The photographs of Robert Bourdeau are focused on nature and landscapes. Throughout his career, his mission was to find a way to show the apprehension of metaphysical aspects of the everyday world. He focused on meditation in nature, so he could bring the glimpses of higher contemplation in his photographs. This idea was more noticeable in the overall atmosphere than in the choice of subject. Bourdeau created a term station point that defined the exact moment in time, where all elements were aligned in harmony: the photographer, the object, and the light. That kind of photographs truly caught the moment of revelation, when nature spoke to the subject in focus.
Bourdeau was born in Kingston, Ontario, in 1931. He studied art history at Queen's University, Kingston and then switched to architecture at the University of Toronto. He is a self-taught photographer and he excelled in his profession, he even taught photography at the University of Ottawa. Bourdeau participated in many workshops and masterclasses. As an employed architect he practiced photography as a hobby. In 1959, he met Minor White, editor of the Aperture magazine and a brilliant and influential artist. The two of them became friends and Bourdeau started photographing intensively. He discovered, as an architect, that he finds more excitement in looking at the images of buildings than in their making and designing.
His subjects cover the range from landscapes and wildlife to inanimate buildings and still life. Bourdeau photographed all over the world, visiting places like Sri Lanka, Mexico, Costa Rica, England, Ireland, France and the United States. In the 70s, he switched to large format and stayed true to long exposure. The large format allowed him to preserve as many details as possible. The method was slow and calculated. What he wanted was to catch the moment in space where nature fights for territory that has been taken from her. So, there are scenes of buildings overgrown with ivy, decayed constructions or rocks dwelling in mountain streams. This act of rebellion against industrial elements was always portrayed in tranquillity and elegance.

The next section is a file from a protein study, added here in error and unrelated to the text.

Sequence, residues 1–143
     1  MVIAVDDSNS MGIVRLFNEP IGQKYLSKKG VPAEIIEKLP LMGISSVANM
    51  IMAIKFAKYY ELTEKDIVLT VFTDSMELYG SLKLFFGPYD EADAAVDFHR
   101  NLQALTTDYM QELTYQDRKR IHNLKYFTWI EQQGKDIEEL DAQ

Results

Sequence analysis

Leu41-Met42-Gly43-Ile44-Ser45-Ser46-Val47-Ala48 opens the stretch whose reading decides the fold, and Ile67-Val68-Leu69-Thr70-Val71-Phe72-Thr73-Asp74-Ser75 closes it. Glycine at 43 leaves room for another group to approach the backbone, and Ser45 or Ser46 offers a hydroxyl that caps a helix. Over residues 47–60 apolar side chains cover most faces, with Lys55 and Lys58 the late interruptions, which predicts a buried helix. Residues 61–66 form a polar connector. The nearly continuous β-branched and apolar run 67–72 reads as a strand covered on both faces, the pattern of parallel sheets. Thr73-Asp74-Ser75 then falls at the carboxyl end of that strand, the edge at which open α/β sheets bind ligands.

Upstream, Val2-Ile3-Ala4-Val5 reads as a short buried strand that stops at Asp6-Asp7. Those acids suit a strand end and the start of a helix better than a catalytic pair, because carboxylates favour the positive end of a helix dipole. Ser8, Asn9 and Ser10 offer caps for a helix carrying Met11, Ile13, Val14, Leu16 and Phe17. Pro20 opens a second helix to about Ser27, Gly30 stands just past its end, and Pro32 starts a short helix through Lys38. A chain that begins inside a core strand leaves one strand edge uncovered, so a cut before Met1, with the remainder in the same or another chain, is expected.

Catching the right moment and referencing to right emotion was his mission. He enriched gelatine prints with warm tones and subdued the feeling of abandonment. There are no scenes of emptiness and desolation in his art. Bourdeau made a special gold chloride solution that he used to achieve a sunny and glowing effect, and he still keeps the recipe a secret. Everything important lies beneath the surface and his goal was to discover that special geometry and harmony. The captured moment serves a purpose of awakening one's mind and triggers the pensive thought process. In 2011, Bourdeau was elected into the Order of Canada. Along with his exhibitions worldwide, his photographs are found in collections of National Gallery of Canada, Canadian Museum of Contemporary Photography, Canadian Centre for Architecture and many others.
The artist is represented by Stephen Bulger Gallery.
All images used for illustrative purpose only © Robert Bourdeau